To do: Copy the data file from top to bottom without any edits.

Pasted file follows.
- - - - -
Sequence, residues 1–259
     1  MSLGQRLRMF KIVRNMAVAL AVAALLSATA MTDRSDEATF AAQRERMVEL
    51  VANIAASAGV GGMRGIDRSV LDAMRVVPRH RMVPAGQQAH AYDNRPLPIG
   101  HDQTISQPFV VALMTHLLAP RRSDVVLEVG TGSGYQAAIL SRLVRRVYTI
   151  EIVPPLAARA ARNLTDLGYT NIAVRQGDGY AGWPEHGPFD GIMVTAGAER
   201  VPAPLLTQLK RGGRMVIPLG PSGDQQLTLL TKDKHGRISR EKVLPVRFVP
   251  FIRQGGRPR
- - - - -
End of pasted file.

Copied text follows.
Sequence, residues 1–259
     1  MSLGQRLRMF KIVRNMAVAL AVAALLSATA MTDRSDEATF AAQRERMVEL
    51  VANIAASAGV GGMRGIDRSV LDAMRVVPRH RMVPAGQQAH AYDNRPLPIG
   101  HDQTISQPFV VALMTHLLAP RRSDVVLEVG TGSGYQAAIL SRLVRRVYTI
   151  EIVPPLAARA ARNLTDLGYT NIAVRQGDGY AGWPEHGPFD GIMVTAGAER
   201  VPAPLLTQLK RGGRMVIPLG PSGDQQLTLL TKDKHGRISR EKVLPVRFVP
   251  FIRQGGRPR